When it comes to interpreting our world, there are five senses to help guide us: sight, sound, touch, smell, and taste. If you ask, some may say there are six senses at our disposal. These senses mediate our perception of form, space, and environment. Slow observation meeting perception has the power to exponentially expand the way we further explore and understand our mysterious world.
Through conversations with both Jaimie Isaac and Mel Granley, co-curators of Symbiosis, I was thrilled to learn about their vision to incorporate culinary arts into this exhibit’s programming. How often do we look to our sense of taste when we enter visual arts learning? Why is this particular sense, similar to scent, tied so closely to memory and emotion?
I reached out to the London Chef’s inimitable Chef Dan Hayes, who is classically trained in French cuisine. It was wonderful to learn of his shared excitement and appreciation for the delightful fruitful fungi, and to hear his ‘yes’ in collaborating with us on Symbiosis’s online culinary program.
I remember our first conversation: Chef Dan and I talked about his culinary work in Indigenous communities and Moose Meat and Marmalade, a television show that he and Art Napoleon co-hosted on APTN. If you’re not familiar with this incredible show or Art Napoleon’s respected work in Nehiyaw (Cree) language, please check it out! I reflected to Dan about how food and language are so connected to my Nehiyaw culture and he opened up about the Cree that he has learned through friendships and relationships. Nônâcikan, pronounced “naa nich ee can”, enters your ears like velvety vocals. In Nehiyaw language, nônâcikan means mushroom. Language comes from the land, as many Indigenous Elders teach. It is significant to our connection and reference to the world; language and land is another extraordinary example of symbiotic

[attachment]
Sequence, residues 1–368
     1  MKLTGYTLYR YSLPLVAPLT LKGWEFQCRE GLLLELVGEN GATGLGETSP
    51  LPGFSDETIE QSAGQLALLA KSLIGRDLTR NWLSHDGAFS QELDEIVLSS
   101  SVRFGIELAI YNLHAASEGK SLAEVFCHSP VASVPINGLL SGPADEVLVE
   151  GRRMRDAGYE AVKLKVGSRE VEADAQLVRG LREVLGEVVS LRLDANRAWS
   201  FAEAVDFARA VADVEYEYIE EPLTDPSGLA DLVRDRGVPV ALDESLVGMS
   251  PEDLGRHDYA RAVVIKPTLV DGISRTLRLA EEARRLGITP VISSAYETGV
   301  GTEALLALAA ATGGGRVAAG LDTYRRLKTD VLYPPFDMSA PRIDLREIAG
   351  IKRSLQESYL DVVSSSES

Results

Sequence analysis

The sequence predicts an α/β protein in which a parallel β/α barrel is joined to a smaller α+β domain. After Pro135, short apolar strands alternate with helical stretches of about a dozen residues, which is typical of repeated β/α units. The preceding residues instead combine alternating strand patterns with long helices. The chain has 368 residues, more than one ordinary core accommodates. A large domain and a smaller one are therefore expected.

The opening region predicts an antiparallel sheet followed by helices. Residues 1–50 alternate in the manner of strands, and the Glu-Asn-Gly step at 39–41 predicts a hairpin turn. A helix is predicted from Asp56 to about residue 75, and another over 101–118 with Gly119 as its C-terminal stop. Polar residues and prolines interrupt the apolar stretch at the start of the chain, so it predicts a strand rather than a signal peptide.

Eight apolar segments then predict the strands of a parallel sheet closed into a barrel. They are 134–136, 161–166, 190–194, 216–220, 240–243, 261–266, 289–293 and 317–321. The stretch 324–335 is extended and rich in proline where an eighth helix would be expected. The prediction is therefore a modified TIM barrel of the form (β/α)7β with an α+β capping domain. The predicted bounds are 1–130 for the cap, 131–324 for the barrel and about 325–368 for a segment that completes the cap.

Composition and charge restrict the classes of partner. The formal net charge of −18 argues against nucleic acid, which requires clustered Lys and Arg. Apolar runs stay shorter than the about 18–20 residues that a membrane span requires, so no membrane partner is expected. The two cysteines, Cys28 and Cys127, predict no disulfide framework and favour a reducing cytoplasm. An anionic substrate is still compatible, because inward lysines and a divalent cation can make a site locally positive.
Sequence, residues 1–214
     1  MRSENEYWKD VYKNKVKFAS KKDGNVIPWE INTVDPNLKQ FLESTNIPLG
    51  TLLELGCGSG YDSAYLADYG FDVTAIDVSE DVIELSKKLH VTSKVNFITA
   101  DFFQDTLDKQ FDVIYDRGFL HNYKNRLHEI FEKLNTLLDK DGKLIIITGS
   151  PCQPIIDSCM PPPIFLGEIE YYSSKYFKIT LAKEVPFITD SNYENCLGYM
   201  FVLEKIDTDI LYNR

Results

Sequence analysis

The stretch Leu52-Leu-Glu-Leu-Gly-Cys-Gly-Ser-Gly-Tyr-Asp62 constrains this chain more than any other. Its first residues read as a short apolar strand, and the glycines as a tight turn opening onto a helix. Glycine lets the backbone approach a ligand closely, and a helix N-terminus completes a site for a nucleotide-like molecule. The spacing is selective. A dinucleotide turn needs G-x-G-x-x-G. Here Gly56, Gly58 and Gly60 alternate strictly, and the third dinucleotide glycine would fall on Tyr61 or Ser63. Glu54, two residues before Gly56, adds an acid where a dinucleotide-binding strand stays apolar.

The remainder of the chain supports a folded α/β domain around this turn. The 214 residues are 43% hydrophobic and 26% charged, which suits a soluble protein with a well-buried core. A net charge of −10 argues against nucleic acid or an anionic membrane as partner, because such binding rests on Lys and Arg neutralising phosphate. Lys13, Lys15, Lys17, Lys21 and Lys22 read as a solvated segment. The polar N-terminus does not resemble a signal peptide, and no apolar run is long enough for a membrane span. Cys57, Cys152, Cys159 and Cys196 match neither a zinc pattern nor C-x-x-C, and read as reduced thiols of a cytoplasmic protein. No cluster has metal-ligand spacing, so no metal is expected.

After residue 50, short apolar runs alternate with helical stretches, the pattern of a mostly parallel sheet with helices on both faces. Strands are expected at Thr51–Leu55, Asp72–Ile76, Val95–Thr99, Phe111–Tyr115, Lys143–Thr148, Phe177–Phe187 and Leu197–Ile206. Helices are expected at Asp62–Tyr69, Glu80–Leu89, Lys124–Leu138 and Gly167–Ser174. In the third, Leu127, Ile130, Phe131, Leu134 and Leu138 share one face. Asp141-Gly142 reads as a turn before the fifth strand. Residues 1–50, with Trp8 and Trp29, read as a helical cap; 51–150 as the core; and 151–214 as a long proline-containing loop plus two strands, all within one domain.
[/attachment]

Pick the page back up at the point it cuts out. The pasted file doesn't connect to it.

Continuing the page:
Coming back to understanding our world through sensorial perception, Jaimie Isaac shared with us a special quote from Winona LaDuke’s book, Recovering the Sacred: The Power of Naming and Claiming:
“The recovery of the people is tied to the recovery of food, since food itself is medicine, not only for the body but for the soul, for the spiritual connection to history, ancestors and the land.”
I would add the reconnection with the land sharpens our senses, our observations and the wonderful mysterious world of mushrooming. It allows for the introspection and respect of the natural world, only taking what we need, and leaving our footprints behind.’
We have some delicious programming to share with you in celebration of the exhibition Symbiosis. Please delve into Chef Dan of the London Chef’s teachings and check out this culinary journey with mushrooms. View the video here:
As you might have experienced in your own lives and with the Symbiosis exhibition, mushrooms are medicine and they open an absolutely delicious experience of flavour and perception..
Written by Natalie Rollins, AGGV Programs Coordinator
Symbiosis ran from April 1, 2023 – October 29, 2023
Feature Image: Photo of Dan Hayes. Courtesy of the London Chef.